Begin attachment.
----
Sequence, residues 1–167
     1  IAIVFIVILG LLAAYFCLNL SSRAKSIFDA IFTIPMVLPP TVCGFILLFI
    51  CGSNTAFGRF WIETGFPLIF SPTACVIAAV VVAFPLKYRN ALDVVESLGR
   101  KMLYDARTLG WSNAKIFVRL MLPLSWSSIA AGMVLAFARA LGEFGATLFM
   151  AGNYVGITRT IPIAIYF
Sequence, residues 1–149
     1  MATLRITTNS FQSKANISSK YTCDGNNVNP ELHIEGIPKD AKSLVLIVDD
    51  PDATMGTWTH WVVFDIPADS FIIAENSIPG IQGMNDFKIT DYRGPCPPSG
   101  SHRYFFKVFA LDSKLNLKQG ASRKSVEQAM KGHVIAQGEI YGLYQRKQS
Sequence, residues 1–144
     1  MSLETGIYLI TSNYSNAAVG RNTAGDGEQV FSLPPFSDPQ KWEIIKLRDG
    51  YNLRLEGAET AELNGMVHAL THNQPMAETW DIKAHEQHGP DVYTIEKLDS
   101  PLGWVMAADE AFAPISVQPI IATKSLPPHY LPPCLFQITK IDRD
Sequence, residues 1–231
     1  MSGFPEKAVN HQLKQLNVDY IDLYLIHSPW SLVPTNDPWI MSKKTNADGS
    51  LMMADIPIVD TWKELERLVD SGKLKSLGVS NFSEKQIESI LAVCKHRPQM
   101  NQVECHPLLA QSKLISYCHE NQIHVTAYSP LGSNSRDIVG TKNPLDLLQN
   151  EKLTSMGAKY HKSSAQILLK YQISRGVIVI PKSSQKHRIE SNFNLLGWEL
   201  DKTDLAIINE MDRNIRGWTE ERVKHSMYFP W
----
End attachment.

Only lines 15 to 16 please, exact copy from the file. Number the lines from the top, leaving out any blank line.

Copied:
     1  MSGFPEKAVN HQLKQLNVDY IDLYLIHSPW SLVPTNDPWI MSKKTNADGS
    51  LMMADIPIVD TWKELERLVD SGKLKSLGVS NFSEKQIESI LAVCKHRPQM